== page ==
Goodwin Fire Update: Governor Ducey Declares State Of Emergency Featured font size + -

Hundreds of people have been evacuated from their homes in some parts of the USA state of Arizona due to the rapidly spreading Goodwin Fire.

Many residents have painful memories of the 2013 wildfire that killed 19 members of an elite firefighting crew.

A fire department news release said that fire officials "will reassess Stage II restrictions and make appropriate changes when local fire danger decreases".

Low humidity, temperatures hovering around 90 Fahrenheit and 35 miles per hour (55 kph) wind gusts are in the forecast through the weekend and may "contribute to extreme fire behavior", the National Weather Service said in an advisory. With more than 800 emergency workers battling it, the fire is at 45 percent containment.

Stina Sieg from member station KJZZ in Phoenix spoke to some residents forced from their homes and seeking refuge at a Red Cross shelter in Prescott Valley.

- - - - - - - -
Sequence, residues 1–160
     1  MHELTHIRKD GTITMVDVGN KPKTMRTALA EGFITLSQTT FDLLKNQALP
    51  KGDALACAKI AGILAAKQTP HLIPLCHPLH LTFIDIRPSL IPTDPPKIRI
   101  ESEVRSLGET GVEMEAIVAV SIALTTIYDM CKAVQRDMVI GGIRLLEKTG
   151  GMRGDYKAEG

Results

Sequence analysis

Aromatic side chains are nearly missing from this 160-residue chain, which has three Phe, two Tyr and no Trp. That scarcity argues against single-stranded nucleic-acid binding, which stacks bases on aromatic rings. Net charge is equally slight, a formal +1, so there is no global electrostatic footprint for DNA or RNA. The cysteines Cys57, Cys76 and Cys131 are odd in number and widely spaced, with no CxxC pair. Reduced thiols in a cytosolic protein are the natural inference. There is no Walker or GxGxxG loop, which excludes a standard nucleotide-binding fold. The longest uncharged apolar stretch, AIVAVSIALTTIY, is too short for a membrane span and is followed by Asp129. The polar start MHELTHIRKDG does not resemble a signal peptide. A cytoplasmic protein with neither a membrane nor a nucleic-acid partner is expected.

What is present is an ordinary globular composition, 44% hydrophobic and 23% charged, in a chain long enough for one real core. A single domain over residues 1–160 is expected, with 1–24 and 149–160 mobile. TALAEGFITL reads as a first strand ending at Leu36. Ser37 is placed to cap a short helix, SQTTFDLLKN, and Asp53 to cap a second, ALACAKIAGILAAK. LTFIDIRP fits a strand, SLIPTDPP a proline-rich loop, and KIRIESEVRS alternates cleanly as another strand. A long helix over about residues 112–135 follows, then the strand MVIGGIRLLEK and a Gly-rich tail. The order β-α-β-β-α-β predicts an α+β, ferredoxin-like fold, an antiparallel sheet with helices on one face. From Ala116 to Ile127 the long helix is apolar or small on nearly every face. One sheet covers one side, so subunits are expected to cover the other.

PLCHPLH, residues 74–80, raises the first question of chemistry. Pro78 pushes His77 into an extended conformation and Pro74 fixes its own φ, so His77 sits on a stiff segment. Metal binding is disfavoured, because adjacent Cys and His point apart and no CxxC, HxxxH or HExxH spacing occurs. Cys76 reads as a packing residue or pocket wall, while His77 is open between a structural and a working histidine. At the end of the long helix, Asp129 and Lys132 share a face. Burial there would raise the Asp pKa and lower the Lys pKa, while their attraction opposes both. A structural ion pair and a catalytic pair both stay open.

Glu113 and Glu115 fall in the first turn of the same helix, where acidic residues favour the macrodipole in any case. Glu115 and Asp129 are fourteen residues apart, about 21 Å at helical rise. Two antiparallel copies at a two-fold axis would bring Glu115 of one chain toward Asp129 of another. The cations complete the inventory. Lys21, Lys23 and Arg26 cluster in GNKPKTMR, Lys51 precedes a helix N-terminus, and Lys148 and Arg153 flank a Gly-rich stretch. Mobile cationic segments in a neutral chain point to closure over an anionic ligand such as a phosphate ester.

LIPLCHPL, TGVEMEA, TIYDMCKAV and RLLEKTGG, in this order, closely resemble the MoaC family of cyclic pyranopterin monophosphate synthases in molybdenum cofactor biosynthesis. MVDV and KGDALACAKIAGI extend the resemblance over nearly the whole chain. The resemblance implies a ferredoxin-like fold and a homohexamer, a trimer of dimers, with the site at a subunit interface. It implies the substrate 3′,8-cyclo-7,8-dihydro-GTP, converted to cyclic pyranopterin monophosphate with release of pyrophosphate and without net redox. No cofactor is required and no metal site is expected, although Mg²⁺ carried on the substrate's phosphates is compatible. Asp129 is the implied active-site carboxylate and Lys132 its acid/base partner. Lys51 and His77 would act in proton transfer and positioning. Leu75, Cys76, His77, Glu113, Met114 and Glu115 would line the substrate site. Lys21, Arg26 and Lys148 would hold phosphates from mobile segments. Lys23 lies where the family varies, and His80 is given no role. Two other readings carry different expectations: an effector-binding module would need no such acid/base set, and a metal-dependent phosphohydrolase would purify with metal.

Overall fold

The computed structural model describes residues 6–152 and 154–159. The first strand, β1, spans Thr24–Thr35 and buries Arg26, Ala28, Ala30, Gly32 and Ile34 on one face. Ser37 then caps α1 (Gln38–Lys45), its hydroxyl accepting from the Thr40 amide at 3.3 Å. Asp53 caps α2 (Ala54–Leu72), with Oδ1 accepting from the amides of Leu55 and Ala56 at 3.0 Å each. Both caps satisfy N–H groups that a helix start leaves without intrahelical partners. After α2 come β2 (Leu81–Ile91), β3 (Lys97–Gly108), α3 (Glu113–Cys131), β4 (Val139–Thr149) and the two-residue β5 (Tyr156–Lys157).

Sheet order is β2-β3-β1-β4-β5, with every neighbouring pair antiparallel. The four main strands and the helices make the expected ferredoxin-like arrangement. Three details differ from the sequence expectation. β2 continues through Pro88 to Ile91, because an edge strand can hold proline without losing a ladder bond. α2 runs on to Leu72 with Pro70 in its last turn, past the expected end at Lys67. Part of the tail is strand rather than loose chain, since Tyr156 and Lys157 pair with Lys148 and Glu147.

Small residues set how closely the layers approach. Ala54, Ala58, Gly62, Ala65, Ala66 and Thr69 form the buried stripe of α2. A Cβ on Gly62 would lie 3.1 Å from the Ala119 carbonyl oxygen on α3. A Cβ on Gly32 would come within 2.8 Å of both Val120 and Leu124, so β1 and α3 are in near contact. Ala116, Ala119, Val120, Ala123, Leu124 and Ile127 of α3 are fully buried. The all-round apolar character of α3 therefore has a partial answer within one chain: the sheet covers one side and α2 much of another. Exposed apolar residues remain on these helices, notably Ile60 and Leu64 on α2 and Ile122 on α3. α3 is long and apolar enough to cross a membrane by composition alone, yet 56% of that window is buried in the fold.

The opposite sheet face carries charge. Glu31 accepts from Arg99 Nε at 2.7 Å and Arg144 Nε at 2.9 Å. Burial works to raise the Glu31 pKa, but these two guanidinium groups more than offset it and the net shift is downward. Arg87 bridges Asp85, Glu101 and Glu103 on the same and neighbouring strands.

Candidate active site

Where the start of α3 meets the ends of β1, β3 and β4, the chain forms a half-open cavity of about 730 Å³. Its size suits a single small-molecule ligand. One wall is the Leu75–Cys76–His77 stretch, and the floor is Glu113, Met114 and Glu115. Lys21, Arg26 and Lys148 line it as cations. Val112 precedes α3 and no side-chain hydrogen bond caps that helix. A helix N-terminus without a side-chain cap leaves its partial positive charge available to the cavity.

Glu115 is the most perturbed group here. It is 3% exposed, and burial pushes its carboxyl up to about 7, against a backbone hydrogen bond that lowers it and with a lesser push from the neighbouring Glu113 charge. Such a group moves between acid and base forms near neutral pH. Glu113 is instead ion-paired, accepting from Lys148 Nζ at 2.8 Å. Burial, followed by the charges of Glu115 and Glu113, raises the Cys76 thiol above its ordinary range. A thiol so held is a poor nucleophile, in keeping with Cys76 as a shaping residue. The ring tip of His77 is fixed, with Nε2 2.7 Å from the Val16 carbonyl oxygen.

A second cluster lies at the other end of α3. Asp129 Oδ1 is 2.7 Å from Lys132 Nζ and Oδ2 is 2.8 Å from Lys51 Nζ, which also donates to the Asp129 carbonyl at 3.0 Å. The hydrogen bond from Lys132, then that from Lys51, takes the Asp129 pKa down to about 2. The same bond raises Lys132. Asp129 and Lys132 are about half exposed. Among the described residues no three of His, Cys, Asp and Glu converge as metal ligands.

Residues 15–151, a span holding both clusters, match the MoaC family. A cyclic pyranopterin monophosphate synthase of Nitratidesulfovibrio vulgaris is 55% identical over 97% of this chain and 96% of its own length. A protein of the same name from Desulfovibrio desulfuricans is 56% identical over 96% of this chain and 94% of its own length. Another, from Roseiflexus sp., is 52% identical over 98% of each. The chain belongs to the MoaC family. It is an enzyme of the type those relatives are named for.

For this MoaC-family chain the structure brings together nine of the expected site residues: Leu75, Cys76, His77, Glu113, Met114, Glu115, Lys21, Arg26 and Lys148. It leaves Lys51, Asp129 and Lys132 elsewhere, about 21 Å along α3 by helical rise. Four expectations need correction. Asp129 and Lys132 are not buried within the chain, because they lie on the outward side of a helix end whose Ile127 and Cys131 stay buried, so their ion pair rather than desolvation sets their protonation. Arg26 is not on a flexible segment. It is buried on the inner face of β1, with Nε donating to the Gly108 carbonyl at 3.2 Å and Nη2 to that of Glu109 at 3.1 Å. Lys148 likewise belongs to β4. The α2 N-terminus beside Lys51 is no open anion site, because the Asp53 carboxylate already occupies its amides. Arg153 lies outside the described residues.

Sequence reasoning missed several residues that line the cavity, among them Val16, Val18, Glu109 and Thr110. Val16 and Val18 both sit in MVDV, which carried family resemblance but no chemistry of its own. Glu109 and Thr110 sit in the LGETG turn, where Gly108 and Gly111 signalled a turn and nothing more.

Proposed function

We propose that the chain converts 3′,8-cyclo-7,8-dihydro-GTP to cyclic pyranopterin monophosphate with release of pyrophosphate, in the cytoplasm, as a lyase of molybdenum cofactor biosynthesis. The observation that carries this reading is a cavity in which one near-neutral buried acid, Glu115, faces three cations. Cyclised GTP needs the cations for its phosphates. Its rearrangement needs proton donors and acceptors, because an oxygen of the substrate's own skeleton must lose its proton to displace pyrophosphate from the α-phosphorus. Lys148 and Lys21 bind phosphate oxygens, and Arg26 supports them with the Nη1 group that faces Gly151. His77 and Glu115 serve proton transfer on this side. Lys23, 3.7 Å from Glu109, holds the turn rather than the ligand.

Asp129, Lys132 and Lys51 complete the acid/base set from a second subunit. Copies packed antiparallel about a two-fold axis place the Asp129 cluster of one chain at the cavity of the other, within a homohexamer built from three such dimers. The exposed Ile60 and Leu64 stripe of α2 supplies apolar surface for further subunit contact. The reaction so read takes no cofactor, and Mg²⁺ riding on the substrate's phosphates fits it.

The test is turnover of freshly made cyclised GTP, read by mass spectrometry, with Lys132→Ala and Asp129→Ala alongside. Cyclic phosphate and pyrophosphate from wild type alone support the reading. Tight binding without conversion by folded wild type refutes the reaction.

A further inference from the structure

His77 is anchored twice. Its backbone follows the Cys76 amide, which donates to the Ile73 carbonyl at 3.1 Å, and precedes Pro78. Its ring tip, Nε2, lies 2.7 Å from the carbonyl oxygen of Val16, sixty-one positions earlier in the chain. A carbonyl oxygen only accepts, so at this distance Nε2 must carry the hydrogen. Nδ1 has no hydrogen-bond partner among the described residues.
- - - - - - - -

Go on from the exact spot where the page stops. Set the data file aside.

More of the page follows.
Firefighters are battling the Goodwin Fire in dense chaparral that hasn't burned in more than four decades.

"We called a general recall to staff additional equipment", Freitag said, "and that equipment is being utilized to protect properties within our fire district boundaries".

A new wildfire that broke out Tuesday has prompted evacuations for dozens more homes in San Bernardino County.

Arizona Gov. Doug Ducey declared a state of emergency in the county and directed $200,000 in emergency funds to fire suppression efforts and reimbursements for emergency response and recovery costs.

Only 2011 surpasses the number of acres burned, and no other year going back to 2000 has seen this many wildfires in the first five months of the year. "So please understand that while we send firefighters into hard places, there are places we will not go".

Debbie Maneely, a US Forest Service spokeswoman, said the fire's size is expected to increase because of high winds. Dewey-Humboldt has about 4,000 residents. "Now you can smell it so that's a little worrisome because it might be blowing toward us".

Yavapai County Emergency Management Coordinator Denny Foulk said there are about 2,000 residents in the area affected by the fire and 3,000 structures in the evacuated area were at risk but officials were not immediately sure how many are homes.

A new map released by the Yavapai County Emergency Management Thursday morning showed the Goodwin Fire has grown to almost 25,000 acres from its previously reported 21,000.

AP writers Clarice Silber and Bob Christie contributed from Phoenix.

  • Latoya Cobb